Memory of the struggle to live on in Liliesleaf Museum

Posted On Wednesday, 10 July 2002 02:00 Published by
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R70m development of the complex includes a hotel and conference centre

IT IS 39 years since that winter's day of July 11 1963 when police raided an isolated farmhouse named Liliesleaf on a dusty road in Rivonia, north of Johannesburg. They arrested some of the high command of Umkhonto we Sizwe (MK), the armed wing of the African National Congress (ANC), who were using the property as a safe house and secret MK headquarters.

Those arrests, and the trial that followed, known as the Rivonia Trial, became one of the most famous events in apartheid SA. Though Nelson Mandela was not at Liliesleaf during the raid he had been arrested the previous year and was already serving a five-year sentence he was tried with the others. His statement from the dock on being prepared to die for his beliefs reverberated round the world.

Today, the elegantly renovated house and manicured garden are a far cry from the dusty smallholding of the 1960s, but in the house framed photographs, taken from police files, are a reminder of the way it was.

Liliesleaf has had a chequered history. Originally located on 28 acres, it was purchased in 1961 by Harold Wolpe for the SA Communist Party. By the 1980s much of the land had been sold off for suburban development and the house belonged to former journalist, publisher and war correspondent Al J Venter. In 1989 Helmut and Veda Schneider bought Liliesleaf and later converted it into a five-star guest house and conference centre.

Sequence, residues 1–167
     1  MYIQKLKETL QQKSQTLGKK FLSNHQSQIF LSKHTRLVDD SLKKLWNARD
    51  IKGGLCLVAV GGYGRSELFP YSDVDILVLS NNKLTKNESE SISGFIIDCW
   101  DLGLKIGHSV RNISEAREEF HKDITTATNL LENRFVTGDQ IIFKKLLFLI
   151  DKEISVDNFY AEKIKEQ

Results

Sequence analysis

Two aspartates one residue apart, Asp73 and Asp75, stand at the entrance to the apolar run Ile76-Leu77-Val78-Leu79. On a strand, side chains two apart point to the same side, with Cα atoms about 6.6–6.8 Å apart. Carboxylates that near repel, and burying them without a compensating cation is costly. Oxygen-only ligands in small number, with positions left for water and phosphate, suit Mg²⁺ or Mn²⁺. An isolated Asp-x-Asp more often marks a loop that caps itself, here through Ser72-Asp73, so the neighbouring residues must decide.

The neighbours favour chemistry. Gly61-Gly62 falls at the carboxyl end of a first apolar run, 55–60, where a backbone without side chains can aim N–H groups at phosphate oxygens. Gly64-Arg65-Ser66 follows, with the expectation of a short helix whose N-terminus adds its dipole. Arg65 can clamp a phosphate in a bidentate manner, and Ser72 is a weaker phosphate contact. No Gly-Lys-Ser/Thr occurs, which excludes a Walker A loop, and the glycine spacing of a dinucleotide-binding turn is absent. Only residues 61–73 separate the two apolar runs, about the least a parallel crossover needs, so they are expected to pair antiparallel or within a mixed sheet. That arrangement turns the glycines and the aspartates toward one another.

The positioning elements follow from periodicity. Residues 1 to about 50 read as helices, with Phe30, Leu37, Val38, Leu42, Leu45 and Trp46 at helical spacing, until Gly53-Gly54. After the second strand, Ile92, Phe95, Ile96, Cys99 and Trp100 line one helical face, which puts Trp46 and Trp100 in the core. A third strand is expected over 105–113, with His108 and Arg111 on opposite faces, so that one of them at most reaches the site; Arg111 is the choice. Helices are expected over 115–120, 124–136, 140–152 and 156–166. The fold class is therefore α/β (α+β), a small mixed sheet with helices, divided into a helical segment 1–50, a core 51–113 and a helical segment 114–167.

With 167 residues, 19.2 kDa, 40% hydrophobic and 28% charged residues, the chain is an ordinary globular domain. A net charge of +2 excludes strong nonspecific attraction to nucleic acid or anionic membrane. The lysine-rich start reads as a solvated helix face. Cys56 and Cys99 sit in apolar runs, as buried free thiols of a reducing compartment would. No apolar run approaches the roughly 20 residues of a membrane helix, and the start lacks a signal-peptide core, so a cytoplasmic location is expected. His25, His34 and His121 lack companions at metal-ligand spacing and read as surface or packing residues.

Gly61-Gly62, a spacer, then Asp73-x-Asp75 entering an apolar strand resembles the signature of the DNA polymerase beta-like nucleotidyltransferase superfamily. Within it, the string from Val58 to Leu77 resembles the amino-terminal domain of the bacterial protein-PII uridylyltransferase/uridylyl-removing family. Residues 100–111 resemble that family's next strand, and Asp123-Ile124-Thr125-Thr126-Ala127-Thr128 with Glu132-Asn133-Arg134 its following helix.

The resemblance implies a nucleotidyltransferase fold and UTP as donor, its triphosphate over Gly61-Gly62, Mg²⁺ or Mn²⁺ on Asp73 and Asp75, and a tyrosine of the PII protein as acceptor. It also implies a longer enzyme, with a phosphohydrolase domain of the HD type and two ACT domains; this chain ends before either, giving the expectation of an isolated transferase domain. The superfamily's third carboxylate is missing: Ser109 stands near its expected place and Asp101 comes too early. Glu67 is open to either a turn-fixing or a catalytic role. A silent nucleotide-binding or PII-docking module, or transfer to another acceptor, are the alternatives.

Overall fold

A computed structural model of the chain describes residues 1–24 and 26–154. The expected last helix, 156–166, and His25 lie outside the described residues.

On July 1 this year ownership passed to the Liliesleaf Trust, which will develop the historical property into a museum and conference centre. It will be a legacy project together with Robben Island and other landmarks on Mandela's 'long walk to freedom'.

The trust is a public/private partnership working closely with the arts and culture department. Its involvement has so far been advisory rather than financial, looking into the historical, educational and tourist aspects of the development.

Nicholas Wolpe, Harold Wolpe's son, is the current administrator of the trust. He emphasised that the trust wanted to preserve the history of the struggle in SA, and the spirit of that time, and at the same time provide affordable public access to the museum.

It also needed to balance commercial viability and idealism, said Wolpe. 'It is important to generate revenue to have a balanced and sustainable venue.'

Income from the existing and future hotel and conference centre will subsidise the museum, library and archive. Total development is estimated at about R70m and is planned as a two-phase process.

The original three buildings the farmhouse, thatched cottage and former outbuildings have already been bought by an anonymous UK donor. The outbuildings are to revert to their original form, and the complex is intended to become a learning environment with a museum, library and archive. Tenders for the renovation are expected to be issued in August, and building should start in February next year.

The second phase will involve the purchase of two additional, adjacent properties for a hotel and conference centre. The trust hopes these will be used for international negotiations aimed at reconciliation, along the lines of Camp David. No sponsor has come forward to buy these properties, although an SA donor has expressed interest.

The museum is to be interactive a living archive rather than a repository of artefacts, says Wolpe. Though details have yet to be finalised, the trust hopes to recreate the atmosphere of 1963. One idea is to retrieve the original radio from police archives, and place it in the thatched cottage where Radio Freedom operated in the 1960s. Visitors will be able to push a button and hear facsimile broadcasts of the struggle years.

The history of Liliesleaf is a tale burnished in the telling. Nelson Mandela described Liliesleaf as 'a bubble of tranquility', and a place that reminded him of his childhood. His family could visit him at the farm, and it is this atmosphere that the trust wants to cherish.

Publisher: Business Day
Source: Heather Mackie

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